The Servant from ServiceMaster: Al Erisman Tribute to Bill Pollard at 2016 Dallas Faith@Work Summit

The purpose of the Faith@Work Summit is to gather active participants and leaders in the faith at work movement from every industry sector to learn from each other and work together to extend Christ’s transforming presence in workplaces around the world. The next Summit will be in Chicago on Oct. 11-13, 2018. Go to fwsummit.org to sign up for updates and to learn more about the Summit. Register for the Summit here!

William “Bill” Pollard joined ServiceMaster in 1977 and has served not once but twice as its chief executive officer. During his leadership of the company, ServiceMaster was recognized by Fortune magazine as the No.1 service company among the Fortune 500, and also was included in its list of most admired companies and achieved market leadership in each of its markets and substantial growth in shareholder value.

He is the author of several books including: The Soul of the Firm, The Heart of a Business Ethic and Serving Two Masters? Reflections on God and Profit. In April 2004, he received the Rev. Theodore M. Hesburgh Award for Business Ethics at Notre Dame.

Albert M. (Al) Erisman is the Executive in Residence and the past Director for the Center for Integrity in Business in the School of Business and Economics at Seattle Pacific University. He teaches business ethics and business and technology both at the undergraduate and the graduate level. He is also executive editor of Ethix magazine.  In April 2001, Dr. Erisman completed a 32 year career at The Boeing Company.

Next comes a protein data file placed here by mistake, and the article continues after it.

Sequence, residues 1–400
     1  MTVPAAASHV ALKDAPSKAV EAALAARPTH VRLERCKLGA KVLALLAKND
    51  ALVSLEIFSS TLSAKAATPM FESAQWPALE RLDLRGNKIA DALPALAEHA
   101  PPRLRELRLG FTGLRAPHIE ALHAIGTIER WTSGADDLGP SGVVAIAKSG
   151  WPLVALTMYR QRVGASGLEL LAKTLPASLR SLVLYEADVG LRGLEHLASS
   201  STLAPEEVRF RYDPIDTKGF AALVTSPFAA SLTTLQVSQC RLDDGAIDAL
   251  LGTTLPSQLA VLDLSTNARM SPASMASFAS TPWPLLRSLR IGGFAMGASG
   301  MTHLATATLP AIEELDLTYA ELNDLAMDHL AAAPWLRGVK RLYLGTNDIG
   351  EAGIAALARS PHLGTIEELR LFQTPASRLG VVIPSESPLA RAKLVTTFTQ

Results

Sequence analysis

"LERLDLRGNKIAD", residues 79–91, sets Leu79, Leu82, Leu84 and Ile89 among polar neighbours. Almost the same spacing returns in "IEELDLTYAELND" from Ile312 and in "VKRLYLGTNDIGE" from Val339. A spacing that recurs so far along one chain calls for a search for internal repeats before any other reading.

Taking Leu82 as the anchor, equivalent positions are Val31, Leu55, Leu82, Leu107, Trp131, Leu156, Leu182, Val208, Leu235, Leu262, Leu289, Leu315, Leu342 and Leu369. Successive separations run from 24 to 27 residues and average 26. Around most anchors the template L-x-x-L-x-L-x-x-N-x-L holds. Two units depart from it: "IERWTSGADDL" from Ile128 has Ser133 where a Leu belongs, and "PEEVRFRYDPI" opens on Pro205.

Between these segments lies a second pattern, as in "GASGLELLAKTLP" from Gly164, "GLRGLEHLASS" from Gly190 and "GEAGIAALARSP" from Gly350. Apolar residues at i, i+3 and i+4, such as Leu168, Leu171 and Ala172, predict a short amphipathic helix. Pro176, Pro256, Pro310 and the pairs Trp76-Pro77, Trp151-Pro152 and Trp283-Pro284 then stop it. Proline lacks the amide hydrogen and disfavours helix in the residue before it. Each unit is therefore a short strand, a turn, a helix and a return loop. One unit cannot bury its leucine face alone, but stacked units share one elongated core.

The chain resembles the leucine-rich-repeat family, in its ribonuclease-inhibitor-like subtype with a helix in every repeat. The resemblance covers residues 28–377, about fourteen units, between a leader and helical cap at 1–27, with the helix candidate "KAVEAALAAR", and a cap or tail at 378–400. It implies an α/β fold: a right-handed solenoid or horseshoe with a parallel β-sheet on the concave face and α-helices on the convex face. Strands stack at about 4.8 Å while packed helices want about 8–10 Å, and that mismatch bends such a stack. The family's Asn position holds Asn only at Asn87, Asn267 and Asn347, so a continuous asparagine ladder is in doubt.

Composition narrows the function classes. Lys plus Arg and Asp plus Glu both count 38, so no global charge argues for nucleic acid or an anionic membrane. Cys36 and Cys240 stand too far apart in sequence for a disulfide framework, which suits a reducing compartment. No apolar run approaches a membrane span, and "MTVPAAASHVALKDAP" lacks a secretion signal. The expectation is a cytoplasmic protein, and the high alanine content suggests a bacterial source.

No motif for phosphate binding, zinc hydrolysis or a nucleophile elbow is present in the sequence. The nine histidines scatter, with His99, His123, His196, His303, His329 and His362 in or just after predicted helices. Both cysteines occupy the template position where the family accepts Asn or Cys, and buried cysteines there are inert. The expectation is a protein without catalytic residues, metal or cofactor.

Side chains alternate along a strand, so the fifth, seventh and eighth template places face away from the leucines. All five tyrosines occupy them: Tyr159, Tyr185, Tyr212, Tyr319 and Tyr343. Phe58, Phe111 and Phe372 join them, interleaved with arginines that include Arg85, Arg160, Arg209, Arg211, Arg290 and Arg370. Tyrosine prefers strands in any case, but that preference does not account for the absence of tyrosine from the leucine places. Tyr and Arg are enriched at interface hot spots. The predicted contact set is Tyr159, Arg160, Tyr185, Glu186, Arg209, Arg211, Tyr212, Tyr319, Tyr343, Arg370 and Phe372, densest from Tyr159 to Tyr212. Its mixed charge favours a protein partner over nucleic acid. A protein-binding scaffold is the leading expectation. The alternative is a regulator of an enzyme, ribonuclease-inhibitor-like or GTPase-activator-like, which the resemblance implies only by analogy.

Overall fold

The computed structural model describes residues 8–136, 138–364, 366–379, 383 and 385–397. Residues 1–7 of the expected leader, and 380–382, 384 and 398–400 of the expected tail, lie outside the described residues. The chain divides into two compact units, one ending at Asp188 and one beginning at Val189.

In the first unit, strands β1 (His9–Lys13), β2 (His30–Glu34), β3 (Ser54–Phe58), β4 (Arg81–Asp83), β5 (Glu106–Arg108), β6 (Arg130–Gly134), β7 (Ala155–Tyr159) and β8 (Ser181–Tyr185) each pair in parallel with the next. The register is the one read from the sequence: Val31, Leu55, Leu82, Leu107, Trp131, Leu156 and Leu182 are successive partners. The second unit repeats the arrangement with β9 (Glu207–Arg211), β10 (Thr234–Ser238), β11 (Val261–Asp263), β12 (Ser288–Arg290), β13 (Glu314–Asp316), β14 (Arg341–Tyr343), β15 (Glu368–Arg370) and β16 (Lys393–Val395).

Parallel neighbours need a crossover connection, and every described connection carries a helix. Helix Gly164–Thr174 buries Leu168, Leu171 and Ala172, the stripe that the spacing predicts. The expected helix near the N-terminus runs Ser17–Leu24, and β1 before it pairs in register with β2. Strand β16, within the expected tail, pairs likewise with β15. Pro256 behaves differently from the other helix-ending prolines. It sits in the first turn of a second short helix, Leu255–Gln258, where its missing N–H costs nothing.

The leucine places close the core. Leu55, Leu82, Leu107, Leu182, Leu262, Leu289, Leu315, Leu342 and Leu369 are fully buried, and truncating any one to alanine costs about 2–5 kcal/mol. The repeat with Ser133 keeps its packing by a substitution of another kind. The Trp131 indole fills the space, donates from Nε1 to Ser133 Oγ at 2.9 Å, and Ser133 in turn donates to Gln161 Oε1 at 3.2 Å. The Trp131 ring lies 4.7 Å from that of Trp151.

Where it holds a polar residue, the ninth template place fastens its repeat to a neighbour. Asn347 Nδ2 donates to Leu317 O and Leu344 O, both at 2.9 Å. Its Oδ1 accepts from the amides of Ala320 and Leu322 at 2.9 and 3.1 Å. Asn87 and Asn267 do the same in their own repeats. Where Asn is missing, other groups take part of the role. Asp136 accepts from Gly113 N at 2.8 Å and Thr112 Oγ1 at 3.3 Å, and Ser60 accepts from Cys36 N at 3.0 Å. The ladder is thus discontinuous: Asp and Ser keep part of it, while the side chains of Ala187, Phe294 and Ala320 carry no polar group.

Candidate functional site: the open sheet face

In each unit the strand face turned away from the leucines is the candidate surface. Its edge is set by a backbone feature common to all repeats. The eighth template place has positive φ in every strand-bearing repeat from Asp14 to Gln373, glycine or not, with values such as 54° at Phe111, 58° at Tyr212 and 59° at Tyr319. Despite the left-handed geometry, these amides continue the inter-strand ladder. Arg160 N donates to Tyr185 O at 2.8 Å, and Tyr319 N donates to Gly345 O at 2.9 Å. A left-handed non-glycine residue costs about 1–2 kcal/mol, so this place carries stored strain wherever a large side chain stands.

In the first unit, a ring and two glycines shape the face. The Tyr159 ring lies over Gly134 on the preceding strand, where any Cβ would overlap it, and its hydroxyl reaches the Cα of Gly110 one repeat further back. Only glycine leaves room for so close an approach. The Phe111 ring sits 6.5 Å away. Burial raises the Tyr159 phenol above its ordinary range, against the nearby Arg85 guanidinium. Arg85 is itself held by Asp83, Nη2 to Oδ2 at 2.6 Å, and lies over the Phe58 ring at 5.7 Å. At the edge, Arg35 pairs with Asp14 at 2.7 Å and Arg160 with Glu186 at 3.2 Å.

Faith@Work Summit Call for Papers

This is reprinted and adapted from the Oikonomia Network website, but anyone is welcome to submit papers. The Faith at Work Summit is a gathering of over 500 Christian leaders from the marketplace, the church, academy, and faith/work movement organizations who come together to learn from each other and positively impact workplaces around the world. Register now to get early bird…

Engaging the Beautiful: A Review of Makoto Fujimura’s Culture Care

“It’s not enough to just build tools. They need to be used for good,” said a repentant and scared Mark Zuckerberg before the Senate Judiciary and Commerce committees. Facebook embodies today’s cultural zeitgeist, and its disregard for privacy coupled with its mammoth influence have caused our nation to question how its unhealthy practices are impacting culture. Makoto Fujimura, surely, is…

Martin Lloyd-Jones on the Everyday Church

By Tim Chester, reprinted from his blog under a Creative Commons 3.0 license. I’ve just been reading a draft of Jason Meyer’s forthcoming book, Lloyd-Jones on the Christian Life (Crossway). I was struck afresh by many things including how Lloyd-Jones anticipated some of our emphases in Everyday Church (that anticipated in the sense of got there ahead of us rather than saw us coming!). Here are three…

One Church’s Tool for Breaking Cycles of Poverty Through Relationships

Reprinted from Made to Flourish. Check out their resource library here. What does it take to revive a dying city? That’s the question Fairhaven Church faced in 2008, when Forbes magazine named Dayton, Ohio, as one of the fastest dying cities in America. After the article was published, we interviewed the mayors of Dayton and neighboring cities, and we discovered the greatest…

Book Review – The New Copernicans: Millennials and the Survival of the Church

I am excited to introduce you to a book that, while not a faith and work book, has serious implications for the future of the faith and work movement, John Seel’s The New Copernicans: Millennials and the Survival of the Church. I realize that is a strong statement; please read on. John is a cultural renewal entrepreneur and social impact consultant. He…